A Comparison of Fathers' and Mothers' Talk to Toddlers in Low-income Families
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CitationRowe, Meredith L., David Coker, and Barbara Alexander Pan. 2004. “A Comparison of Fathers’ and Mothers’ Talk to Toddlers in Low-Income Families.” Social Development 13 (2) (May): 278–291.
AbstractThe purpose of this study was to provide descriptive information about low-income
fathers’ and mothers’ talk to toddlers and to re-examine the bridge hypothesis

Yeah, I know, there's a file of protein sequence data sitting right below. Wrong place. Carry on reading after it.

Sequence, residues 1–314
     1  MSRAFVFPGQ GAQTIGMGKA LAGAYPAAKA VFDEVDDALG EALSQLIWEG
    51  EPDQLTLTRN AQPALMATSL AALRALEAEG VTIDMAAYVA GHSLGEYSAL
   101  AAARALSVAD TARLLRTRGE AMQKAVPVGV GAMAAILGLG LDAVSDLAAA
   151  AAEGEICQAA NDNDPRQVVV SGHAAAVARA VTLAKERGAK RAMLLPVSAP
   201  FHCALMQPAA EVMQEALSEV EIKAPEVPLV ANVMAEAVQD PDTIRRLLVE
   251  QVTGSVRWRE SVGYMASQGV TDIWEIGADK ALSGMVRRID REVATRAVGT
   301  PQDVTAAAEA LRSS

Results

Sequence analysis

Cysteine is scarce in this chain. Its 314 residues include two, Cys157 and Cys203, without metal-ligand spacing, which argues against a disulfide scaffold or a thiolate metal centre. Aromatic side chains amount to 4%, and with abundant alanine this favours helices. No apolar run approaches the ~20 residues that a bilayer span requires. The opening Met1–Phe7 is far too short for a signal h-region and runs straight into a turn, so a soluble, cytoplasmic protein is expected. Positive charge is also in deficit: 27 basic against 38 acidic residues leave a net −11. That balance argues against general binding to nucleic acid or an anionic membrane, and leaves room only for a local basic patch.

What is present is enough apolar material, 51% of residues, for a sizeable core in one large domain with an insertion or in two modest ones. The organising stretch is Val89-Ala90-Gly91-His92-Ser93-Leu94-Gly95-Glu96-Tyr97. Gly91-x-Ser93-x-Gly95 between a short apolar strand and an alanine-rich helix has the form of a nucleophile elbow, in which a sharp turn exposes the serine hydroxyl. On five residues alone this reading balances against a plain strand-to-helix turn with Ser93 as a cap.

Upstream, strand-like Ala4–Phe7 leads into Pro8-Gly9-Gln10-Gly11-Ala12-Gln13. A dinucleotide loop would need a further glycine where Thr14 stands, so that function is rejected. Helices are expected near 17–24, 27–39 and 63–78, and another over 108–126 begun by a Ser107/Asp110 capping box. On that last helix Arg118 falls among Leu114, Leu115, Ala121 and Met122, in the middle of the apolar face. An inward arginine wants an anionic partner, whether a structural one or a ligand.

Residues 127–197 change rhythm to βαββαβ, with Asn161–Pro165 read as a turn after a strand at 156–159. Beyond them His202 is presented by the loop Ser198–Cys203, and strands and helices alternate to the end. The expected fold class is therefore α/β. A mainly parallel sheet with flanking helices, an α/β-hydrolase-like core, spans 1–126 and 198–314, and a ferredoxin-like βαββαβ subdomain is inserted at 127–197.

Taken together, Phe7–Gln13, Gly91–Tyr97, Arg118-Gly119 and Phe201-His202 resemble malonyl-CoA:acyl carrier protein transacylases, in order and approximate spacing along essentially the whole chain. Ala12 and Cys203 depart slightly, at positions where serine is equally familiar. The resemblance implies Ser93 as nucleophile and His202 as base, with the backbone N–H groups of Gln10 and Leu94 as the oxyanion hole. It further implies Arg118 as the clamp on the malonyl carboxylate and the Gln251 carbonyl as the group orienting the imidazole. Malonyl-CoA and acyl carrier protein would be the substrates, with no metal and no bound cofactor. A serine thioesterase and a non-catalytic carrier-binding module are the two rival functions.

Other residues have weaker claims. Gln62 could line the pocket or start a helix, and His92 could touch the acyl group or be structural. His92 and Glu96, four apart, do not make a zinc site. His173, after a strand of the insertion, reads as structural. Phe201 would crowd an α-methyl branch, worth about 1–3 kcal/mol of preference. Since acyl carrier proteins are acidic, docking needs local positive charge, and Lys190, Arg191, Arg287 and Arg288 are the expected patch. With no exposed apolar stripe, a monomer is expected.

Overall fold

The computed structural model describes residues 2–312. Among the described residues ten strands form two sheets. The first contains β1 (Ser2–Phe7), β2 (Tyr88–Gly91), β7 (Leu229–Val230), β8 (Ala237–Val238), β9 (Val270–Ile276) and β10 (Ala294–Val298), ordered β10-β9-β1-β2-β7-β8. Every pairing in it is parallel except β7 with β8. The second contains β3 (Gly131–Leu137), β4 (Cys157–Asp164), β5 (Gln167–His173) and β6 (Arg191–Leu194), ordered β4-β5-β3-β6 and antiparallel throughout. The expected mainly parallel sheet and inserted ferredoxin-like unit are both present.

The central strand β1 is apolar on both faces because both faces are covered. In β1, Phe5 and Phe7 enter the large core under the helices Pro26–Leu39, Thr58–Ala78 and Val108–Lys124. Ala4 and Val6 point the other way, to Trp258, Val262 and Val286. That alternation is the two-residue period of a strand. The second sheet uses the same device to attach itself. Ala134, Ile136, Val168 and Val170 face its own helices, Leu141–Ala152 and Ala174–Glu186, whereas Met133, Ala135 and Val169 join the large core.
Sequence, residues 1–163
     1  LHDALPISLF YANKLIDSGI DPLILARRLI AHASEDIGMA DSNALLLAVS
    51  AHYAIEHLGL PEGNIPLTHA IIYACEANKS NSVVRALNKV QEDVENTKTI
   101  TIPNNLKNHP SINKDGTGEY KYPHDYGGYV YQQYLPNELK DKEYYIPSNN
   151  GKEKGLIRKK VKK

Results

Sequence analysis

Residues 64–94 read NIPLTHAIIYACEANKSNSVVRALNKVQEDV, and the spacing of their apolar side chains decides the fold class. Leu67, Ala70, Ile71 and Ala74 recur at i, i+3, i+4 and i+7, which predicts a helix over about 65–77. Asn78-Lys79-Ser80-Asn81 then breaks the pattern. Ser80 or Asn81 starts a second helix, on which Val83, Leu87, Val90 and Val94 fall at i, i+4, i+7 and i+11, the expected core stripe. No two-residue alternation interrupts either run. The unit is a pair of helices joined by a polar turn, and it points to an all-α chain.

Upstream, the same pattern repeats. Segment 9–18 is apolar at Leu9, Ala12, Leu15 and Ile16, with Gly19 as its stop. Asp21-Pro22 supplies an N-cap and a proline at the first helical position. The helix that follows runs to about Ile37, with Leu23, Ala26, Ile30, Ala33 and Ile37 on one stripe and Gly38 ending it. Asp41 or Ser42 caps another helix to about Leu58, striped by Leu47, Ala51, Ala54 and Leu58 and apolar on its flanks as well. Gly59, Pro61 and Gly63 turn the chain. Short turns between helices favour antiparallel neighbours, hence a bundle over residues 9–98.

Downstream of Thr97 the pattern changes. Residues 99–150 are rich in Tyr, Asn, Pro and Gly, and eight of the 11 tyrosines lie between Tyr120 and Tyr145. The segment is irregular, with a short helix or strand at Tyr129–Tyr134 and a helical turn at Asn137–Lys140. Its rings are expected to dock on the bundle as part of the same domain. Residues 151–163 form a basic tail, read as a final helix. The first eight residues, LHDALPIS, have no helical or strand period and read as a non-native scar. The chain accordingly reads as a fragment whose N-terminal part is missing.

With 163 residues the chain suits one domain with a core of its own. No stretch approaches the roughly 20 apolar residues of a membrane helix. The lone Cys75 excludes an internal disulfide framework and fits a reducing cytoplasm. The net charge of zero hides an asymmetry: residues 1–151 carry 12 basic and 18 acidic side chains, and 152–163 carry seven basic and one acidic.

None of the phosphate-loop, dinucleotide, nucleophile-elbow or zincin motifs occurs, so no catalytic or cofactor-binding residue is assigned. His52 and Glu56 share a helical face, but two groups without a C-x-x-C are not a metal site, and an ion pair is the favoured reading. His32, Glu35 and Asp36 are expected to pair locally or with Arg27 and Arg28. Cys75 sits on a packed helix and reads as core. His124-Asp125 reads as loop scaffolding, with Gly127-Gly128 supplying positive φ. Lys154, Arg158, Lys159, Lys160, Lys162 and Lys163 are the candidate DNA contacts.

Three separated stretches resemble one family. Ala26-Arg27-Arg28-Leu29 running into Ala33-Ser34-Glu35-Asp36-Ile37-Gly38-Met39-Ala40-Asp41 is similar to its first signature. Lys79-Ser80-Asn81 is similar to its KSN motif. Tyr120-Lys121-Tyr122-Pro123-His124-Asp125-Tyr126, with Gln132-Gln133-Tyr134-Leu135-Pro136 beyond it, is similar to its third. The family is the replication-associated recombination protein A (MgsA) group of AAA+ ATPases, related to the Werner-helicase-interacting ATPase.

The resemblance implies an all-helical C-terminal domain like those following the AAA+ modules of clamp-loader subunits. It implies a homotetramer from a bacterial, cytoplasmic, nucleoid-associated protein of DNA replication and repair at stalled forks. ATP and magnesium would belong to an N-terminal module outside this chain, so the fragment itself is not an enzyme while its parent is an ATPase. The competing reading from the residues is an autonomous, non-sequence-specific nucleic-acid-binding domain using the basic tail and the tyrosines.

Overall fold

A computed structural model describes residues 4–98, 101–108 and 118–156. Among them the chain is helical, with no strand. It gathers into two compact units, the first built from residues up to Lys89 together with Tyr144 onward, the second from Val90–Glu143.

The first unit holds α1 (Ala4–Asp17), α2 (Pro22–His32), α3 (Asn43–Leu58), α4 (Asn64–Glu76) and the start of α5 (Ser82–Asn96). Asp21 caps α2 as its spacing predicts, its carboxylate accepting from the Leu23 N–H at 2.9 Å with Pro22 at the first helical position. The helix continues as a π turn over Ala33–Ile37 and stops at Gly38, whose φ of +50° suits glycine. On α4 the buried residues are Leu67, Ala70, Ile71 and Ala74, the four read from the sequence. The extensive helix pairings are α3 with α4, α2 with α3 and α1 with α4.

(Gleason, 1975) in light of current changes in family structure and childcare responsibilities.
Thirty-three father–child and mother–child dyads were videotaped during
semi-structured free play at home. Fathers’ and mothers’ talk to children did not differ
in amount, diversity of vocabulary, or linguistic complexity as measured by mean
length of utterance. However, fathers produced more wh-questions and explicit clarification
requests, thus presenting more conversational challenges to children. Resident
fathers employed more direct forms of prohibitives. Results suggest the need
for closer examination of factors related to child-directed speech in varying family
Citable link to this pagehttp://nrs.harvard.edu/urn-3:HUL.InstRepos:13041203
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